Here’s the selector using the * symbol to simplify that element name:
Way to go, *!
A lot of web apps dynamically generate element names and IDs in the DOM tree as the page loads, so many people will use location-based selectors. Don’t be that person. Location-based selectors are flaky by nature because the DOM isn’t the same on every load. And, because the location selector is constantly changing, the tests are difficult to triage and slower to run. These are the selectors to avoid.
Selectors that are defined relative to the position within the parent element change too frequently to be useful and will lead to false positives if there’s more than one instance of the asserted text on the page.
.first(), .last(), and :nth-child() selectors
These do not refer to anything static on the page. They’re defined relative to the position of a parent or other element, and that relative position can change even mid-test, causing false-positives and flakes.
The parent/:text selector combination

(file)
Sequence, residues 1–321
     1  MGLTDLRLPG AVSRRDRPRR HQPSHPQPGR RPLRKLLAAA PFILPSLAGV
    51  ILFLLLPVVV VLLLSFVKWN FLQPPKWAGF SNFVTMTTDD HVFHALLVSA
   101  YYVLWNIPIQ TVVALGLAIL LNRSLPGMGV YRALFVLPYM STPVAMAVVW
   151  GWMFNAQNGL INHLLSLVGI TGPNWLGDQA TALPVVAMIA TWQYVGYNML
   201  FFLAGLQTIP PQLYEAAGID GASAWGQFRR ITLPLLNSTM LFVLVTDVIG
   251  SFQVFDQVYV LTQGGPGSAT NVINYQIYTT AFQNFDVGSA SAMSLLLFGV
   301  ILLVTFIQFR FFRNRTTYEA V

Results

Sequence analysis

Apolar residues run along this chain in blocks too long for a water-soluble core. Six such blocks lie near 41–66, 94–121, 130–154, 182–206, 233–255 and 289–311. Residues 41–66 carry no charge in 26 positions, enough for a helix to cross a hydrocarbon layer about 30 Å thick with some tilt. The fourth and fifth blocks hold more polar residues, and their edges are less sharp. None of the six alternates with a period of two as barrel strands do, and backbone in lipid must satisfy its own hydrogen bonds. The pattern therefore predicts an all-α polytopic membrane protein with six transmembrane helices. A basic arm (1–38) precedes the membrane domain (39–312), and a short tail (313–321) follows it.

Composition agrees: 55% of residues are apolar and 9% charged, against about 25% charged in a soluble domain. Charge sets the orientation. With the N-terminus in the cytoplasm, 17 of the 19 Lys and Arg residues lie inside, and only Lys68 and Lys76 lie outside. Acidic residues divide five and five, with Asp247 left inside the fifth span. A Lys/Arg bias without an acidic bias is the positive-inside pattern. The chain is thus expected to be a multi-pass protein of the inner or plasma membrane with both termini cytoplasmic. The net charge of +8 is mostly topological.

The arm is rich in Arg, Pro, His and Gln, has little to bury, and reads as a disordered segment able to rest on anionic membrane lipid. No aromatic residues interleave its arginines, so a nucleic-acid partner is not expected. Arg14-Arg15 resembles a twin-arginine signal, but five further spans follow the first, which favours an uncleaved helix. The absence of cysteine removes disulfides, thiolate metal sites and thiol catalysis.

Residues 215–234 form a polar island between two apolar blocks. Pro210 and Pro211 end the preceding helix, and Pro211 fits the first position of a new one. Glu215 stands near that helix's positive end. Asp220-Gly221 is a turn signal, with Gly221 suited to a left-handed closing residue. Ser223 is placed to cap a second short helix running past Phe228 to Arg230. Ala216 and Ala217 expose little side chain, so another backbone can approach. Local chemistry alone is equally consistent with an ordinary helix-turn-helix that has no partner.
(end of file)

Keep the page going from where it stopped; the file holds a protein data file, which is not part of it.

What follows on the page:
Sometimes you have to work with what you’ve got. This selector will work if the text content is stable and unique, but the combination targets an element based on its relationship to a parent element — which still creates a risk that things will move unexpectedly and break the test.
“:text” selectors specifically are also incredibly vague. They apply to every matching element on a page and aren’t case-sensitive. For instance, ‘:text(“Purchase”)’ could relate to the page’s header — as in, “Select something to purchase" — or a button on the page with the text “Purchase item."
You can improve the reliability somewhat with a selector like ‘button:has-text(“Purchase”), but it's best just to use element IDs wherever possible.
It takes work and planning to build a comprehensive test suite that runs quickly and reliably. Follow our advice and you can have a suite with thousands of tests running every time a developer deploys.
Or make life easier on yourself: Have QA Wolf handle your testing needs! We’ll build out comprehensive coverage in less than 4 months and handle all the maintenance for you. You won’t even have to think about flaky tests — we investigate each failure, and only pass the verified bugs into your issue tracker.
Schedule a demo below and we’ll talk about your needs.